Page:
There are few things more delightful than a game night in a gated community, so when I got the invitation, I had to put down my Sunday Times crossword puzzle and go at once. I knew it was going to take me an extra minute at the gate, so I told my fellow players to go ahead and start without me. I was especially excited about playing Apples to Apples, so they struck up around of Scattergories while I was on my way.
After playing a round of “convince the guard,” I drove up to my friend’s brick circle driveway and stepped inside. It was the final moment in the Scattegories game and tensions were high.
A quick recap on the rules of Scattegories: Players have a list of categories next to a column of blanks. Someone rolls a 26-sided die to choose a letter. The players must then use that letter to fill out each of the categories. So, if the categories (of which there are 12, not the three in this example) were “a dessert,” “an animal” and “a pet name,” and the letter was “C.” Someone might answer “cake,” “coatimundi” and “cuddle buns,” respectively. If you choose a word that no one else chooses, you get a point. And like any game, the person with the most points wins.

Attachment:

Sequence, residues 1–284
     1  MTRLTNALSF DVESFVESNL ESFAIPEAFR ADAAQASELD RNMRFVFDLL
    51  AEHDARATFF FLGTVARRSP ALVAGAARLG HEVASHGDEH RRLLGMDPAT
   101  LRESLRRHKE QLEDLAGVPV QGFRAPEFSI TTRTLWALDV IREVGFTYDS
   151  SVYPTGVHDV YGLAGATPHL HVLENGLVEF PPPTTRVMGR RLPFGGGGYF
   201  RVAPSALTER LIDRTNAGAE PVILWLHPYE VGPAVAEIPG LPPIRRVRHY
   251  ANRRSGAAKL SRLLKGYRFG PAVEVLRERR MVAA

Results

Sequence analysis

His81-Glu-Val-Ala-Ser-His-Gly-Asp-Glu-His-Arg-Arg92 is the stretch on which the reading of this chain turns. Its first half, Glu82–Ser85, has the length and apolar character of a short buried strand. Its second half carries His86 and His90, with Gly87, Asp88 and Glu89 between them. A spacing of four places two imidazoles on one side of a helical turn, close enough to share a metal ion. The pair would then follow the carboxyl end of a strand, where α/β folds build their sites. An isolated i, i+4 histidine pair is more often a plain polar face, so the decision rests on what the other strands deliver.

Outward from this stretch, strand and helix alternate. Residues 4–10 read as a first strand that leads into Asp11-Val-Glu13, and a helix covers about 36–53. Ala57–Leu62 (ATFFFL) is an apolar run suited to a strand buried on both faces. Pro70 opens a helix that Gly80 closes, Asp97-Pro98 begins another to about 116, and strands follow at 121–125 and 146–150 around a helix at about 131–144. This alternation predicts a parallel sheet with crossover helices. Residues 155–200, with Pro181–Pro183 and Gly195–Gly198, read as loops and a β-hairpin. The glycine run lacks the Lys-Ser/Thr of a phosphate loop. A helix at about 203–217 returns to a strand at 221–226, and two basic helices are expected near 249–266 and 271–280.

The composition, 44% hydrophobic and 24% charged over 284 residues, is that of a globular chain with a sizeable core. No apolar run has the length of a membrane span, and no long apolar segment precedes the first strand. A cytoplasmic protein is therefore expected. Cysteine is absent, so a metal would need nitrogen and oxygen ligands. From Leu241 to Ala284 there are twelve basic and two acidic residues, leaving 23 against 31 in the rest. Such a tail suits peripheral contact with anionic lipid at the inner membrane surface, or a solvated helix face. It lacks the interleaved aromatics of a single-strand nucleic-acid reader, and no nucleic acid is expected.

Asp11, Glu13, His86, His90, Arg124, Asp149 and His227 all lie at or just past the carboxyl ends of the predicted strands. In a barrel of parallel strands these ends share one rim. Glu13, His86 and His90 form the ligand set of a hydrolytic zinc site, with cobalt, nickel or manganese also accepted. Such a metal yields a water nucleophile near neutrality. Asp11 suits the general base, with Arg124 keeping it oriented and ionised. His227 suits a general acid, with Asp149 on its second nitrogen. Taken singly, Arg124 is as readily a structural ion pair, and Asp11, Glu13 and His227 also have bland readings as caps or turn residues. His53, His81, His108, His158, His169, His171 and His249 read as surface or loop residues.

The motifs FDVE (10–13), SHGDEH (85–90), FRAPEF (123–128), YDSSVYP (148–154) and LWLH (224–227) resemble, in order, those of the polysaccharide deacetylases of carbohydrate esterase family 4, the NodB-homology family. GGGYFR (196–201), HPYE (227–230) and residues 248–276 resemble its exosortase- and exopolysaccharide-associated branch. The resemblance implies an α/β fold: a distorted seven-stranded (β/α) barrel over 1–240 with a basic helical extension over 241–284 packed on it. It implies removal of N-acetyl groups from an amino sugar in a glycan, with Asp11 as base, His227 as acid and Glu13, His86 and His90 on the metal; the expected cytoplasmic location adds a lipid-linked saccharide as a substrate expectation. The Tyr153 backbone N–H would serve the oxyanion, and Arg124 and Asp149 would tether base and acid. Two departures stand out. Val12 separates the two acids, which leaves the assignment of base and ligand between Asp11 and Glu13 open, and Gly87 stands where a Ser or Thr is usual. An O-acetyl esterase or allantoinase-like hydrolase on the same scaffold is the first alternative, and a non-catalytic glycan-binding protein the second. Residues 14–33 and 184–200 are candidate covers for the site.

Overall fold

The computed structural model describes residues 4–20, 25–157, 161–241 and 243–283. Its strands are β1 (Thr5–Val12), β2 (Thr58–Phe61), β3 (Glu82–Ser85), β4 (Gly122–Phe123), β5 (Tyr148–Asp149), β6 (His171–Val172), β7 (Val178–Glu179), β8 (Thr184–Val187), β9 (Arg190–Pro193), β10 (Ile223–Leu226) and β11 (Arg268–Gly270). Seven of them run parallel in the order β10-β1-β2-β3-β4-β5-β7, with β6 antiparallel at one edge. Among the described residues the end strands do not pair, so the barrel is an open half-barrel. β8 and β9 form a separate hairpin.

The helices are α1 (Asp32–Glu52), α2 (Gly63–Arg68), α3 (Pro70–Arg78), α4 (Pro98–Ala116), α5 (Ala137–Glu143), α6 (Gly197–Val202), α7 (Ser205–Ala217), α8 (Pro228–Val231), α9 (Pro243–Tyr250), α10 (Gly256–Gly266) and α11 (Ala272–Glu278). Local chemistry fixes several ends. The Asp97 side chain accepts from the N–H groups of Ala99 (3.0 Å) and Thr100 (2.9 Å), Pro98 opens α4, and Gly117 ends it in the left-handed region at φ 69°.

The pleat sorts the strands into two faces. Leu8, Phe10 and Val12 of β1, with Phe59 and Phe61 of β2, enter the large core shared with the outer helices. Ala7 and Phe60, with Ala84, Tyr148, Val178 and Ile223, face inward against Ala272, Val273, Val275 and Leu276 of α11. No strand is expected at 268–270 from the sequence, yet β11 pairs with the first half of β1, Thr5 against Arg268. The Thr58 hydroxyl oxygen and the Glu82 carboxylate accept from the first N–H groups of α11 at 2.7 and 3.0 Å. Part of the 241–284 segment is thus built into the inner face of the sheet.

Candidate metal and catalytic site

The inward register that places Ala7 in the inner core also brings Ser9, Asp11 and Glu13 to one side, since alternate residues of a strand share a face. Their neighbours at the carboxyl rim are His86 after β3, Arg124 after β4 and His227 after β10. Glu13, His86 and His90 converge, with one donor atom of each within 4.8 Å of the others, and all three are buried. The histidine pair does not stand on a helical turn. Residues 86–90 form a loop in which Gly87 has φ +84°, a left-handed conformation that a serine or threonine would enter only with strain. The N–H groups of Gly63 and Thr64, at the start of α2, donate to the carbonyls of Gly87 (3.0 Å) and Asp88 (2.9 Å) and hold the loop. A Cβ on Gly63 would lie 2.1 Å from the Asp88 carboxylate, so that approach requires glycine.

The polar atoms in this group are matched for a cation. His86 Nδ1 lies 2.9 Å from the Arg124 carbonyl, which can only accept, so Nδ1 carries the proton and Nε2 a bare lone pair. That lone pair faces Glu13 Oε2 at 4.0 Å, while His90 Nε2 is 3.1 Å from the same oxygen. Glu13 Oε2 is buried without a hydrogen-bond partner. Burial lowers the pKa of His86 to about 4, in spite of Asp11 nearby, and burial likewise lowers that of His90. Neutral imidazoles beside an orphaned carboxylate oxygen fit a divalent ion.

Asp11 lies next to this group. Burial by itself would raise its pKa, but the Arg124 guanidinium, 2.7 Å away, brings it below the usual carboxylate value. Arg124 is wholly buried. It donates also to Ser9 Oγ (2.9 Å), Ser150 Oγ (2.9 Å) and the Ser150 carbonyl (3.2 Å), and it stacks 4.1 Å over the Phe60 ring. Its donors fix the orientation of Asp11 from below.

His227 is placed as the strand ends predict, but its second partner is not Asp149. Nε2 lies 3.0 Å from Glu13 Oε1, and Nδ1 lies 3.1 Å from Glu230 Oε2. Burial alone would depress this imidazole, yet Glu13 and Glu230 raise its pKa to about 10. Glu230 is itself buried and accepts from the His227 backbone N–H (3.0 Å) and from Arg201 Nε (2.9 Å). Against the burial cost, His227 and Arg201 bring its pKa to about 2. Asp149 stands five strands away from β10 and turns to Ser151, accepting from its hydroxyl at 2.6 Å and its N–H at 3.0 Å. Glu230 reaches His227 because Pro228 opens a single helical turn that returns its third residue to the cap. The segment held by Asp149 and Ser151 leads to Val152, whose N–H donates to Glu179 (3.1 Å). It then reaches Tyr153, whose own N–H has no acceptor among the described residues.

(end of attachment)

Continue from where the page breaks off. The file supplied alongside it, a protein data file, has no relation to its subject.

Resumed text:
I walked in and two alpha males were locked in intense competition. They were tied, the last two to speak their words and whoever got this last point would win, or the game would go into overtime.
The final category was “things you’re afraid of” and the letter was “n.”
The penultimate player said: “Ninjas.”
The crowd of 10 runner ups cheered.
The final player looked at his board. Looked at me. Then offered this. “I got nothing.”
“You should have just written ‘nothing’,” one of the players said.
Game night went on. Apples to Apples went off like gangbusters. And my saddle shoe pumps were a hit.
I noticed that the trumped Scattergories player was quite a smart game player. In every game that we played, he came out the winner, so I was surprised that he folded so easily on the first game.
On my way out, I checked his Scattergories pad which was still out and under his chair. He did have a word for “things you’re afraid of.” And it did start with an “n.”
It goes without saying that I was upset. Here was my chance to prove I was one of the crowd and I failed. I had a chance to walk into a room, make everyone comfortable with who I was and that did not occur. Something about the smart Peter Pan collar on my blouse, my hostess gift of saffron sea salts and my discussion of the Fall Fitzgerald Festival was still wanting for perfection.
The poor player. Had I played my game right, he would have felt total confidence playing his. I’mpolishing off my pearls for the next game night and bringing my copy of Ghetto-opoly. That should make things easier for everyone.